Tony Archer considers himself a motocross addict. The 20-year old Waldorf native has been traveling coast to coast nearly year-round, carting himself, friends and sometimes his family, along with hundreds of thousands of dollars' worth of equipment' from track to track, for the past 12 years competing in dirt biking events.
No expense has ever been too great. Archer lives for the rush he gets from spinning his wheels in the dirt.
"I get withdrawals if I'm not able to ride," Archer said. "There's nothing else like it."
Archer will be chasing his next high in an Amsoil Arenacross event this weekend in Baltimore. It will be the third stop on a 12-city tour that ends with the crowning of a champion.
Archer is second in the Eastern Regional Arenacross Lites class, two points behind the leader, Steve Roman. Although Archer has yet to earn any points in Amsoil Arenacross' premier class this season, it is still early. If he qualifies for the final heat at this weekend's event, he earns another chance to get onto the leader board.
Archer's passion for dirt biking began when he was 8.
"I was always real interested in motocross when I was younger," Archer said. "I had always wanted to ride a dirt bike."
His first dirt bike arrived Christmas Day in 2000 when his father, Bill Archer, surprised him and his brother with a pair of four-stroke Honda XRs.
From that point on, Archer was hooked. By the time he reached the ninth grade, he was competing in races across the country. Desperate to make a serious run in the sport and become a professional, Archer chose to be home-schooled.
In 2010, when he had accumulated enough points toward his pro card and reached the minimum age of 17, Archer officially became a professional Amsoil Arenacross rider.
To become successful in motocross and reach the pro level requires two things: skill and money — and lots of both.
"The ratio is probably about 80-20" in favor of skill, said Chad Wages, 26, Archer's career-long friend and arenacross teammate. "But you have to have both."
In arenacross, where the tracks are smaller than in outdoor motocross, the banks are tighter, and the dips and hills are more frequent. To tackle the course takes precision handling, focus and keen racing instincts, skills developed only through years on a bike.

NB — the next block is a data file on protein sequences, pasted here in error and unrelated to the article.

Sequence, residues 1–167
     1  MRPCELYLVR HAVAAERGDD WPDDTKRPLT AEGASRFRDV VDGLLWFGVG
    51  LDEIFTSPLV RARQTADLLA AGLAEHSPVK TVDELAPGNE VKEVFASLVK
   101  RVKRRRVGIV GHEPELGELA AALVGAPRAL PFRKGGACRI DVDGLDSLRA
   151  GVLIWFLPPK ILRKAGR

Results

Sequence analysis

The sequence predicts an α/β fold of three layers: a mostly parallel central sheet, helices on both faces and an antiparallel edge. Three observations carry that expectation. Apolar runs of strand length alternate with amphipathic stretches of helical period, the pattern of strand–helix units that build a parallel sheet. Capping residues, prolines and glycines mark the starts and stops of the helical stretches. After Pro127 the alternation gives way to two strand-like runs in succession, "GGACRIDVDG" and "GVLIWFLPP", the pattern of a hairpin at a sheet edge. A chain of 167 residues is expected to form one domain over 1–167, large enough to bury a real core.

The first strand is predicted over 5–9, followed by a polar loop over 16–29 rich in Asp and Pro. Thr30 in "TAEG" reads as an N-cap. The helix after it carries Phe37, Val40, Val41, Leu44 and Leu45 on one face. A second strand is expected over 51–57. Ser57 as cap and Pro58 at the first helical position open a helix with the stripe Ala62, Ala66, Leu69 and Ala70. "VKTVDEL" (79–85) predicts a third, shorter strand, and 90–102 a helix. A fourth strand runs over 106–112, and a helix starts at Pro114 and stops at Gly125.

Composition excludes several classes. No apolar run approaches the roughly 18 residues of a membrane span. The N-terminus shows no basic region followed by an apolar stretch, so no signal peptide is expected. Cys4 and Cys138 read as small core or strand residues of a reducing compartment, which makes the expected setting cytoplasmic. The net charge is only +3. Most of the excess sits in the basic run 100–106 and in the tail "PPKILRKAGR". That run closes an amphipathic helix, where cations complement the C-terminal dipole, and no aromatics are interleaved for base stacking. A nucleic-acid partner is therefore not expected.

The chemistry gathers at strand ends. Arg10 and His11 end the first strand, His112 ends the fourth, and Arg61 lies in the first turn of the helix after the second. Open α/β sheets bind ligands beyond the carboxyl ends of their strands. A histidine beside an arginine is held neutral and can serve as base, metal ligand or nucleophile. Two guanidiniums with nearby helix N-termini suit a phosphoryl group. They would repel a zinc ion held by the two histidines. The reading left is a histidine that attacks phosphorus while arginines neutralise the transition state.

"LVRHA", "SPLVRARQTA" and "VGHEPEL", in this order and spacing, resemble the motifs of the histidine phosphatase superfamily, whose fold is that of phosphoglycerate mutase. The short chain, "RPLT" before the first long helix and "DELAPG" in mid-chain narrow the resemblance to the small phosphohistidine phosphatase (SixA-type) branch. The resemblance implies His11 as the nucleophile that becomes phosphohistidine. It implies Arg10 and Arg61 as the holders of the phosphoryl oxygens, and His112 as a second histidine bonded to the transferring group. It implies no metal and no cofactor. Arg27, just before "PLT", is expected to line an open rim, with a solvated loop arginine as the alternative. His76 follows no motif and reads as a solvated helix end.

"Mentality is a huge part of this sport," Archer said. "If you're not mentally right, you're not going to go out there and hang it out."
A strong, resilient state of mind is key in improving one's skills on the dirt and standing on the leader board, a trait Archer's peers say is his strongest asset.
"He's pretty fearless," Wages said. "He's wide open out there. Nothing scares him."
During Archer's career, he has suffered numerous injuries. In addition to plenty of scrapes and sprains, he has fractured bones in his right leg and elbow and both his wrists, and has twice broken his collarbone. He also estimates he has suffered about a dozen concussions.
"That's the price you pay in this sport," said Wages, who more than a year ago fractured his right foot in 40 places.
And just as steep as the physical toll is the sport's monetary cost. Since he started, Archer estimates he has spent millions of dollars to stay competitive. What hasn't been paid for out of pocket by Archer and his family has been financed by his longtime sponsor, Traders Seafood Steak & Ale in Chesapeake Beach.
Archer says he's lucky to break even most seasons, which run from January to mid-August and cost him at least $40,000.
Though Archer is an independently sponsored rider, he hopes to change that someday. With some success at the pro level, Archer aims to draw interest from a major arenacross sponsor, an opportunity that could open doors for his pro career.
"I don't really have a backup plan," Archer said. "I want to do this for as long as I can. Getting a big sponsor would definitely let me do that, but it's pretty tough."